10 things I wish someone had told me before I started writing code…

  • There is no such thing as an absolutely correct or ‘perfect’ way to write an algorithm. Moreover, while there are plenty of wrong ways to solve a problem, you’ll almost never write a truly ‘wrong’ piece of code. In general, if the code works as you expect it to, it’s good code.
    • There is no such thing as a final implementation—even the Apollo mission code (which wasn’t code in the modern sense, but a system of wires and physical registers) required modification—in space no less.
  • Given unlimited time, there is nothing a computer can do that cannot be done with a pen and piece of paper. This includes machine learning, AI and anything else you can imagine; there is nothing ‘magical’ about a computer’s capabilities.
  • A new technology is only better if it’s better for you. Don’t chase the language/framework/library of the day, if it isn’t broke, don’t learn a new language to fix it.
    • It is often better to use an existing solution than to build your own from scratch. BUT, make sure you don’t break your back integrating another’s code if it becomes more difficult than writing your own. (This is especially important for recent CS graduates, but all programmers fall victim to ‘I’ll just make it myself’ syndrome on occasion.)
  • Computer programming is not the same as computer science. Knowing how to use a language or framework is just as important as knowing how to build a language or framework from scratch. Put simply, knowing how to create your own computer programming language does not automatically make you a more effective programmer—it makes you a better computer scientist. Conversely, being good at writing Java doesn’t make you a good computer scientist—it makes you a good computer programmer. Knowing the finer details about how a computer operates does not always mean one is good at writing code.
  • The user is always wrong. Not about what they want, but don’t ever expect a user to use a piece of software in the way you intended when you wrote it.
  • Don’t optimize a piece of code until you’ve fully integrated it into the program its intended for. In other words, make sure it works before you spend any time making sure it will work efficiently. Effectiveness should always take priority over efficiency, there are some exceptions to this rule (i.e. database design and systems programming) but the average developer will almost never run into them a situation where their code cannot be optimized after it’s been integrated.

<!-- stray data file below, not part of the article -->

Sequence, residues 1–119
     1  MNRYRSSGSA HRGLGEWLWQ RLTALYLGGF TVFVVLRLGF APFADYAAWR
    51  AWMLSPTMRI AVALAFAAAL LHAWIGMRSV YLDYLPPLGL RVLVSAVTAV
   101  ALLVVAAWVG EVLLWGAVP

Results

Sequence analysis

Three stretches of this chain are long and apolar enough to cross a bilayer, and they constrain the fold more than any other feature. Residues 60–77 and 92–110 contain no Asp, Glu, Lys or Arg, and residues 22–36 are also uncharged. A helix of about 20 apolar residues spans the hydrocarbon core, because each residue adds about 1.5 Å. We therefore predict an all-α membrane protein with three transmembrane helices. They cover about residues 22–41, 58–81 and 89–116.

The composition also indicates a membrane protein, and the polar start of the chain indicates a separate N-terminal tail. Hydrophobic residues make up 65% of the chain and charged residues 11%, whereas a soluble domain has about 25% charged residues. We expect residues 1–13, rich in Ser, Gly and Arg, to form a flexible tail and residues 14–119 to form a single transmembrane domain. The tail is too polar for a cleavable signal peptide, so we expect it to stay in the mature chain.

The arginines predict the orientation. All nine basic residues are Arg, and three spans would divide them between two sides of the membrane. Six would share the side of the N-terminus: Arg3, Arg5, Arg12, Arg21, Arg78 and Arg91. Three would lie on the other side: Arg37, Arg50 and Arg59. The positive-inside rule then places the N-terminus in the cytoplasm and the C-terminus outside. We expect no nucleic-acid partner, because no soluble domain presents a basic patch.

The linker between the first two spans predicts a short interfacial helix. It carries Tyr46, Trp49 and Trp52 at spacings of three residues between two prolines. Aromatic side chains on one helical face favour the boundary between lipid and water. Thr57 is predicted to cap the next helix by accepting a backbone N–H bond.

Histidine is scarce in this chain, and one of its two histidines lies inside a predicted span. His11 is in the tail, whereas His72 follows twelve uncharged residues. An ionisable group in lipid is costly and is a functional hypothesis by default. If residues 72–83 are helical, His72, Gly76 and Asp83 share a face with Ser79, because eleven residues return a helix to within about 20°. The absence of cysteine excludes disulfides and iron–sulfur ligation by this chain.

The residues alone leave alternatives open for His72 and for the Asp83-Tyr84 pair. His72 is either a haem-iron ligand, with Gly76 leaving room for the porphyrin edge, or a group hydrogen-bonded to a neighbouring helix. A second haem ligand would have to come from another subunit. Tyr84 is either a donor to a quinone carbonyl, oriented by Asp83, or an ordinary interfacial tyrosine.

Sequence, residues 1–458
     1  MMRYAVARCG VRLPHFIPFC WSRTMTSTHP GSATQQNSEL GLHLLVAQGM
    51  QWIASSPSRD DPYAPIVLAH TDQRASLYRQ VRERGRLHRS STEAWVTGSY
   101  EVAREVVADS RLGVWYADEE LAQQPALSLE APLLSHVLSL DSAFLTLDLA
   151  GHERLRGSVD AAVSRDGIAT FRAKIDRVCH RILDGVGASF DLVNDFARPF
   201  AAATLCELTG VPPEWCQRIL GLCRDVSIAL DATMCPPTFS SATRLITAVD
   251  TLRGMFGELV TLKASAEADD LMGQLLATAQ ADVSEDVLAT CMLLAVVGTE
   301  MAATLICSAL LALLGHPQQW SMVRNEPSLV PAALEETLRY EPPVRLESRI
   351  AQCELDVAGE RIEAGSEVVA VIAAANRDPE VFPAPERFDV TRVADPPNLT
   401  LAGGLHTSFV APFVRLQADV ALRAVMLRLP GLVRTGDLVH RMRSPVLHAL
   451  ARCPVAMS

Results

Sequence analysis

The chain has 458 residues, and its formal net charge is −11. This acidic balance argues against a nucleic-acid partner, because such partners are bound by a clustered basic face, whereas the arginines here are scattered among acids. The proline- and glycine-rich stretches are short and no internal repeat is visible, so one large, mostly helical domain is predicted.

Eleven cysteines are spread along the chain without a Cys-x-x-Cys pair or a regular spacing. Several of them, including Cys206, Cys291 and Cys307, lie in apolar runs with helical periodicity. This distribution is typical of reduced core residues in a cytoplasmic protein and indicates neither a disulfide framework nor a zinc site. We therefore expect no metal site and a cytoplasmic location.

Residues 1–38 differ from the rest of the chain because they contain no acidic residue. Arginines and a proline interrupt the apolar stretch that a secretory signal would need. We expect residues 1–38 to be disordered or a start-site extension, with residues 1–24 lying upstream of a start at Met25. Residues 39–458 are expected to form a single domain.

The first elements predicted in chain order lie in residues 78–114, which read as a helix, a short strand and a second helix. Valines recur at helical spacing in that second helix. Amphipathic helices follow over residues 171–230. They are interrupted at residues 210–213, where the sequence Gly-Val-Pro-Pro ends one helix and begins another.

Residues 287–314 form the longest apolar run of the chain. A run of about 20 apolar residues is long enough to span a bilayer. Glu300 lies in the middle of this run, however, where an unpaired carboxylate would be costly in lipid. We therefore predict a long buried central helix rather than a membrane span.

• Prototypes are not optional for anything that will take you longer than a few working days to implement in full. Even the world’s greatest minds cannot reason effectively about a system with more than a dozen working parts without a physical model of its final form sketched out somewhere. An artist does not start work on a sculpture until they’re sure about what they’re going to sculpt, writing a computer program is no different.
  • Strict adherence to concepts like modularity, composition, inheritance, state, paradigm/pattern compliance, etc., is always less important than readability: a line of code is written once and read many times, don’t ever ignore the reader, even if the only person who will ever read it is you.
  • Don’t write notes about obvious things. For example:

# instantiate a csv reader.
reader = csv.reader(file)

In general, if you write clean, concise code, the notes will take care of themselves.

  • Don’t write notes about how a piece of code works, write notes about what it does. If you need to explain how a piece of code works, it’s probably shitty code.
  • Not all programmers write code in their free time, and those who do are not automatically better at writing code than those who don’t. You don’t need to spend your free time doing your job to be good at doing your job: most accountants don’t go home and do accounting in their spare time. Don’t let the keeners make you feel like a shit programmer because you have a life outside writing code.

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